# The Square Bracket Partition Relation

I wanted to use this post to briefly talk about the square bracket partition relation, as a lot of the work I’ve been doing recently has centered around a very particular instance of this.

Definition: Suppose $\kappa$, $\mu$, and $\lambda$ are cardinals, and that $\gamma$ is an ordinal. The symbol

$\kappa\to[\mu]^\lambda_\gamma$

means that, for any coloring $F: [\kappa]^\lambda\to\gamma$ of the cardinality $\lambda$ subsets of $\kappa$ in $\gamma$ colors, there is some $H\subseteq[\kappa]^\mu$ such that $ran(F\upharpoonright [H]^\lambda)\subsetneq\gamma$. We say that $H$ is weakly homogeneous in this case.

Perhaps the best way to get a handle on the square bracket partition relation is to look a colorings of pairs. In particular, one question that appears in the literature is, given a cardinal $\lambda$, when does the relation $\lambda\to[\lambda]^2_\lambda$ hold? In order for this to fail, there has to be a coloring $F:[\lambda]^2\to\lambda$ such that, for any $H\subseteq \lambda$ with $|H|=\lambda$, we have that $ran(F\upharpoonright [H]^2)=\lambda$. That is, there is a coloring of the pairs of $\lambda$ which is so pathological, that restricting it to any subset of size $\lambda$ gives us a coloring which hits every color.

We can see the failure of this partition relation as a gross failure of Ramsey’s theorem for $\lambda$. So with that in mind, I’m going to focus on colorings of pairs in this post, as there is a very deep theory that comes from asking to construct pathological colorings of pairs.

For example, Todorčević was able to show that, for regular uncountable $\kappa$, we have $\kappa^+\not\to[\kappa^+]^2_{\kappa^+}$ using his walks on ordinals technique. Shelah was then able to further expand upon this to show that if $\lambda$ has a non-reflecting stationary subset, then $\lambda\not\to[\lambda]^2_\lambda$. In more recent work, both Shelah and Eisworth have been able to show that this, and an even stronger negative partition relation hold for many $\lambda=\mu^+$ where $\mu$ is singular by combining the machinery of scales and club guessing with walks on ordinals.

I’ll probably return to that stuff in a later post. In particular, I want to give an overview of what’s known in the area, and motivate some of the open questions. I’ve been spending most of my time looking at colorings of all finite subsets of $\lambda$, but in that case one can actually work with elementary submodels instead. Lately, however, I’ve been interested in colorings of pairs, so posting about this will be a nice way of keeping myself on track. First though, I want to talk about a case when the square bracket partition relation does hold.

Theorem (Prikry): If $\mathfrak{c}=2^{\aleph_0}$ is real-valued measurable, then $\mathfrak{c}\to[\aleph_1]^2_{\mathfrak{c}}$.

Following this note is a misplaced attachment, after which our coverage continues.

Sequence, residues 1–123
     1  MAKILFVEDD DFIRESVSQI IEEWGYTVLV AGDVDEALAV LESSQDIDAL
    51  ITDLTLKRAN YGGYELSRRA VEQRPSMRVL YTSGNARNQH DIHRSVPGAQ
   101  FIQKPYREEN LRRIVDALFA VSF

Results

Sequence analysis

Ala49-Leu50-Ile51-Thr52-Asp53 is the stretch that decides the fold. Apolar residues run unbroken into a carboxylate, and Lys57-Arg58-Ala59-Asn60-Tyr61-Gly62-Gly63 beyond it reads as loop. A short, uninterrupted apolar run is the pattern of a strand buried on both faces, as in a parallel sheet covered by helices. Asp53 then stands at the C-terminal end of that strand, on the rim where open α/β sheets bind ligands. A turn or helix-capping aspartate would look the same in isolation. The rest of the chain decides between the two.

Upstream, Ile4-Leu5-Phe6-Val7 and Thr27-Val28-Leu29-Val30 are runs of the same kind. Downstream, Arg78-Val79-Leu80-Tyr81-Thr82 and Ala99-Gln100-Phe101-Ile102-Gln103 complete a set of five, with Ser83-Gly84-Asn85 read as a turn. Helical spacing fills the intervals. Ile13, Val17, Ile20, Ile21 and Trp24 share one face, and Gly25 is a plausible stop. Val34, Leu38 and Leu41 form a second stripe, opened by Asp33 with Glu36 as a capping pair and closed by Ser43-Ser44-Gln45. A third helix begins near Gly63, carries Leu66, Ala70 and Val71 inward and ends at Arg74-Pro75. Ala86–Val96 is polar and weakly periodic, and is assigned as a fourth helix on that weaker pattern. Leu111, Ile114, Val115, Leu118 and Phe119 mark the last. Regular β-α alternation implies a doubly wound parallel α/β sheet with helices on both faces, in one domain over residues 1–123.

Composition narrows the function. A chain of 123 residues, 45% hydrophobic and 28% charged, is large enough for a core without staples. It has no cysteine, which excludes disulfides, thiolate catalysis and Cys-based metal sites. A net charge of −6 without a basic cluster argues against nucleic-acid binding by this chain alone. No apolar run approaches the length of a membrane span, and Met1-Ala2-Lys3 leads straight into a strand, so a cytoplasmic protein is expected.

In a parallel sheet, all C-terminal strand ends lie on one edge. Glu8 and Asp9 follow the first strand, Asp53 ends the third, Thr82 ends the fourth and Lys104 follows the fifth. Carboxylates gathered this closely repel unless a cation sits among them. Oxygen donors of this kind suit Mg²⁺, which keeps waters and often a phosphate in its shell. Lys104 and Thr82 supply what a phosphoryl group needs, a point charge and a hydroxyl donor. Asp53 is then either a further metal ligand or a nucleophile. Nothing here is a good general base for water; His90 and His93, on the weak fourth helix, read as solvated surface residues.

Proof: Much like how we exploit the $\kappa$-complete, normal measure on a measurable $\kappa$ to show that $\kappa$ is Ramsey, we will use the ideal of null sets to find a weakly homogeneous set for any coloring.

So let $\mu$ be a $\mathfrak{c}$-additive, atomless measure on $\mathfrak{c}$ with measure algebra all of $\mathcal{P}(\mathfrak{c})$. Let $I=\{A\subseteq \mathfrak{c} : \mu(A)=0\}$ be the ideal of $\mu$-null sets, and let $F$ denote the dual filter. It’s relatively easy to see that $I$ must be $\mathfrak{c}$-complete and $\aleph_1$-saturated.

Now, fix a coloring $c:[\mathfrak{c}]^2\to\aleph_1$. For each $\alpha<\mathfrak{c}$ and $i<\omega_1$, let

$A_{\alpha, i}=\{\beta\in(\alpha,\mathfrak{c}) : c(\{\alpha,\beta\})=i \}$.

Note that for each $\alpha<\mathfrak{c}$, we have that $\bigcup_{i<\omega_1}A_{\alpha,i}=\mathfrak{c}\setminus \alpha\in F$. So by completeness and saturation of $I$, we have that there is some $i_\alpha<\omega_1$ such that $A_\alpha=\bigcup_{i. Now we recursively build an increasing sequence $\{\alpha_\xi : \xi<\mathfrak{c}\}$ with the property that $\alpha_\xi\in \bigcup_{\eta<\xi}A_{\alpha_eta}$. This is easy by the $\mathfrak{c}$-completeness of $F$.

Now, note that since real-valued measurability of $\mathfrak{c}$ gives us that $\mathfrak{c}>\aleph_1$, we can find a set of $\xi$ of size $\mathfrak{c}$ such that $i(\alpha_\xi)=i$ for each such $\xi$. So reindex and let $H=\{\alpha_\xi : \xi<\mathfrak{c}\}$ be the set of corresponding $\alpha_\xi$. Then we have that $\alpha_\xi\in H$ gives us that $\alpha_\xi\in\bigcup_{\eta<\xi}A_{\alpha_\eta}$ and so $c(\{\alpha_\eta,\alpha_\xi\}). But the we’re done, as $c\upharpoonright [H]^2\subseteq i\subsetneq\omega_1$.

It should be noted that the failure of CH was necessary here by Todorčević’s theorem.